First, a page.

18 November 2018

Investors Not Seeing End To Bull Market

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Investors don’t see it coming, despite a nearly 10-year run and a recent spate of market volatility. But if the bull market comes crashing down, it’s going to find lots of investors taken by surprise.

According to the annual Legg Mason Global Investment Survey, close to half of investors say they intend to boost active fund allocations over the next five years, and 66% of respondents say they expect U.S. equity markets to rise over the next 12 months; 29% predict a significant increase.

And optimism reigns; overall, 69% said they are “confident” about their investments over the next 12 months, with 28% reporting being “very confident.”

Holdings are diverse, but investors report owning 27.6% equities; 22.2% cash; 21.2% fixed income; 12.6% real estate; 10.7% alternatives; and 5.7% gold/metals.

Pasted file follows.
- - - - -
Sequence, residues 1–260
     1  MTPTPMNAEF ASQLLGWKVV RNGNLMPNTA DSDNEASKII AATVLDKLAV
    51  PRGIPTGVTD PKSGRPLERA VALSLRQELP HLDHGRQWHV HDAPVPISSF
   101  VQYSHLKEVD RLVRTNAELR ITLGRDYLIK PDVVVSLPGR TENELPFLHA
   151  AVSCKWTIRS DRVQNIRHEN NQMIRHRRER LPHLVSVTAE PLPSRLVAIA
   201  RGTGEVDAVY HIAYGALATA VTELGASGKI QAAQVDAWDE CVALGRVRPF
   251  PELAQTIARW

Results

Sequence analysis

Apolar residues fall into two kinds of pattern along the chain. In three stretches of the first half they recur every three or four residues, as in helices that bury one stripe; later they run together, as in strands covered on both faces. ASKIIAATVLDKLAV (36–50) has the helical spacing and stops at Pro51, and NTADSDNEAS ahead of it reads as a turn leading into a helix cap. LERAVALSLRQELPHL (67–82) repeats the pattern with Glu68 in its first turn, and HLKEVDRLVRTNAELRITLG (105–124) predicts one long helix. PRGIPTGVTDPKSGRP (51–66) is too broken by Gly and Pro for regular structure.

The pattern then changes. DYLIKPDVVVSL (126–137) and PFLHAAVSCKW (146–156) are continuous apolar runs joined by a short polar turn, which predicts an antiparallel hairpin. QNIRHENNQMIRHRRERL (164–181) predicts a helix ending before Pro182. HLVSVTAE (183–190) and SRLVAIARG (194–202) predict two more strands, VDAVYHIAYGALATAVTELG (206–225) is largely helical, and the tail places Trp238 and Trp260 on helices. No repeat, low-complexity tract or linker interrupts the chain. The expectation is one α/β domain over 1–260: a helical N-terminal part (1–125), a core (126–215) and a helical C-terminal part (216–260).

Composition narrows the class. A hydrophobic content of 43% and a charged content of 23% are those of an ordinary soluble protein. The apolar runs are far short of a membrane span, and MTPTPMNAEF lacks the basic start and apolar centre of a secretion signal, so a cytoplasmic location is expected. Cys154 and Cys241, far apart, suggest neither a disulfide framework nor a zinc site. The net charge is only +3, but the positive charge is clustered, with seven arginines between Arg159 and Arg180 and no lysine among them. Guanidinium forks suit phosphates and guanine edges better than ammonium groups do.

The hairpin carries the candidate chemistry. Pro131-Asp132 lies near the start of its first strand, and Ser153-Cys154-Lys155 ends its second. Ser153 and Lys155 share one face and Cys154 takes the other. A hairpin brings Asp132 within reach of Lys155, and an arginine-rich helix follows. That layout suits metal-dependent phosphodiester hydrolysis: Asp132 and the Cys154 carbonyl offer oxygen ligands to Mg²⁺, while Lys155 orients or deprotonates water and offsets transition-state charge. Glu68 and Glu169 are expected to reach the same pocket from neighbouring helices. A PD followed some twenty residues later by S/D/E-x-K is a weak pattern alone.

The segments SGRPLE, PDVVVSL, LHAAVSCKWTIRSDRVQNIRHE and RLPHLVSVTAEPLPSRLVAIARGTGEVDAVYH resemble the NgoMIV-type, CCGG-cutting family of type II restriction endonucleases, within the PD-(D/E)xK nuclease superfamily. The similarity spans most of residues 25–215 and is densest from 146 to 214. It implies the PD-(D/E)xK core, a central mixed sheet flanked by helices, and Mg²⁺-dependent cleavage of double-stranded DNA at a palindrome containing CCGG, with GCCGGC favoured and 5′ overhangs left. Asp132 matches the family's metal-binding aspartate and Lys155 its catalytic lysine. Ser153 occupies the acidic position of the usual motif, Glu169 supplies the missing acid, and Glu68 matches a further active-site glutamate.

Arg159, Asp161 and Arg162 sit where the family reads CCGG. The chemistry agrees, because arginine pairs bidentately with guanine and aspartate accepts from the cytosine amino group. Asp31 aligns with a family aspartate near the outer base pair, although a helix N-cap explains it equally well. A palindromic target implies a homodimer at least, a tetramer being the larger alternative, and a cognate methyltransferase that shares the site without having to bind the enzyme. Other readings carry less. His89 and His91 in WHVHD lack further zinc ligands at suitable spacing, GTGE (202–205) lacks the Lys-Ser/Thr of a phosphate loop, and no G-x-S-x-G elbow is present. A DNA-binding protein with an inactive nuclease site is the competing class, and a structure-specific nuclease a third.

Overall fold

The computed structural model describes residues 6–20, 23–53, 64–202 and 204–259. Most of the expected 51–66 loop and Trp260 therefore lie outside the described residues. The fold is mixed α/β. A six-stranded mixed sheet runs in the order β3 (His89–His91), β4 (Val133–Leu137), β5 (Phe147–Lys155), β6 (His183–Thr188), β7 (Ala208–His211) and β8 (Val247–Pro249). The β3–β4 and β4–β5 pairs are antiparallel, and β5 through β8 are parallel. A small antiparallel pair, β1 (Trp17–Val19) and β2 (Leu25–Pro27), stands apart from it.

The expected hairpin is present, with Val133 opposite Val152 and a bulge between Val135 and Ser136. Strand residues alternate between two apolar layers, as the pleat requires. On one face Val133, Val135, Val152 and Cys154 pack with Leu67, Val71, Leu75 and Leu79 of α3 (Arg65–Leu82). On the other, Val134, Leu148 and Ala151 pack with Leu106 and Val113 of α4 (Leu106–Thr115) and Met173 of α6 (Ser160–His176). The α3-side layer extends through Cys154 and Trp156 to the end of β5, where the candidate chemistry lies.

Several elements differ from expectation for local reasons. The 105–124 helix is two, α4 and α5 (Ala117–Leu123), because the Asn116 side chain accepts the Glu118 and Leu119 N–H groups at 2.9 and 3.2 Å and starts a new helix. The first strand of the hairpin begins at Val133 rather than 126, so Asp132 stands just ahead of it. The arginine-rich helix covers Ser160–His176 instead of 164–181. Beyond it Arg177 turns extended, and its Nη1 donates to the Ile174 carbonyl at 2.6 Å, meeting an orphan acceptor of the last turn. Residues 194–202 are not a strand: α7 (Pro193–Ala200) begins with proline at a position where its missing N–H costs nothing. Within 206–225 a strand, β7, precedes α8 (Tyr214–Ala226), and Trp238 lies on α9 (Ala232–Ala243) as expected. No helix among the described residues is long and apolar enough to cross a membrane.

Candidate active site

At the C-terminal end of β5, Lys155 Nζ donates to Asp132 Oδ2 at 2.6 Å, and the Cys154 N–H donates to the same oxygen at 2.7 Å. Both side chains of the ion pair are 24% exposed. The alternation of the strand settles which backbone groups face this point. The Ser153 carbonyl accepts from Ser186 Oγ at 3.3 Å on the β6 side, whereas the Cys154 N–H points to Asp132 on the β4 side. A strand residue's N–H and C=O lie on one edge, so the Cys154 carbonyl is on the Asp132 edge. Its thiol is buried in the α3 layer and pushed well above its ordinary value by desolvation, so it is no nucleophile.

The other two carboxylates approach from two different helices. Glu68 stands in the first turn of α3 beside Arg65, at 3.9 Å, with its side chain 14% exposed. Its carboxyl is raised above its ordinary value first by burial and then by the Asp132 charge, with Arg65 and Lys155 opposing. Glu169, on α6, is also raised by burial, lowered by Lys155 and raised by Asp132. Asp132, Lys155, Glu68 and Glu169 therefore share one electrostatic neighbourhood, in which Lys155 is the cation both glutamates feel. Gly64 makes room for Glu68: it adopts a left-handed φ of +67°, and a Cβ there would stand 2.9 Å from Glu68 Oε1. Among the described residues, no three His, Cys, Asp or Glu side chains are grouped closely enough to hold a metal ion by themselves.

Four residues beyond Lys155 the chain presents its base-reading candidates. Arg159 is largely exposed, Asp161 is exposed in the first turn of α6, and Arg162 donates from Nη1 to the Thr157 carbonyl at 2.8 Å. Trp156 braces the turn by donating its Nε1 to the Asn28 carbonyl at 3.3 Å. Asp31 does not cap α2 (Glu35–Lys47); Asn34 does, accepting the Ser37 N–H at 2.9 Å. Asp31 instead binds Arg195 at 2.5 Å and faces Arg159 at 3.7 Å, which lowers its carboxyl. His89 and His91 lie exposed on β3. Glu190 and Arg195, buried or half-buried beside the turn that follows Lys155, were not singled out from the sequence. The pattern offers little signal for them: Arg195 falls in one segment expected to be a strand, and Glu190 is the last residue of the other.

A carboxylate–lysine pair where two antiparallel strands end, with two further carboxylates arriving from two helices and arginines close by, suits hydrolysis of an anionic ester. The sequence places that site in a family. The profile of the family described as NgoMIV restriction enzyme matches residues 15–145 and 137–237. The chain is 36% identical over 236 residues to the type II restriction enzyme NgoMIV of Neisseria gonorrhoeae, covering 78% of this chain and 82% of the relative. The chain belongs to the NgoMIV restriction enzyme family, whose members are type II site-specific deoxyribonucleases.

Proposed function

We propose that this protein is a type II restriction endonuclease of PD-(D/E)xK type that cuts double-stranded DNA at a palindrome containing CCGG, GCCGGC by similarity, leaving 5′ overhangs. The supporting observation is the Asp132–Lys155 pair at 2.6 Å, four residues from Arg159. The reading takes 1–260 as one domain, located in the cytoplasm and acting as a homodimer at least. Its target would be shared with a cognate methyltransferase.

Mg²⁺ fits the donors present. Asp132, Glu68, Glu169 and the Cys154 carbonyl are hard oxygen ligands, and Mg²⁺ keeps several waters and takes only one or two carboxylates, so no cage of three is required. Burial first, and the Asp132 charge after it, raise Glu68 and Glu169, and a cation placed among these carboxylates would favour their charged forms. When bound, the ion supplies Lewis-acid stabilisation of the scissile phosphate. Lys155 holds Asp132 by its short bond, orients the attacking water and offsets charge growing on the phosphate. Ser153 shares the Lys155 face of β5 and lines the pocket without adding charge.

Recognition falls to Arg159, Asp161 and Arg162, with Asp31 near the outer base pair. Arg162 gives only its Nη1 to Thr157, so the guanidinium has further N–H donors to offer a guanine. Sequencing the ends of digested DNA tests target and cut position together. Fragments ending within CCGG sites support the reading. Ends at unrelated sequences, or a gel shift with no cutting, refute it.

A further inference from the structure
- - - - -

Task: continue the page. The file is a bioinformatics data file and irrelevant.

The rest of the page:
Nobody reported owning cryptocurrencies, and this was the first year that the survey inquired about them. But 28% of millennials said they were among the best ways to invest.

The home-market prejudice reigns, with investors more likely to stick with U.S. equities than to venture abroad to sample international and emerging markets. When making investment decisions, only 8% said that country or region was on their radar — at the very bottom of the list.

However, “Investors also should bear in mind that 75% of global GDP comes from outside the U.S.,” Elisa Mazen, portfolio manager of the Legg Mason-affiliated ClearBridge International Growth Fund, says in a statement.

Mazen adds, “We can access great minds, technology innovation, attractive demographics, growth rates and valuations in many regions. This can bring opportunity for sustainable long-term growth.”

Investors are also favoring active over passive investments, with millennials in particular saying they have 60% allocated to active strategies.

Millennials also report pain from the financial crisis, with 56% saying that their decision-making is affected by that period. Unlike other generations, millennials tend to hold more assets in cash than in equities.

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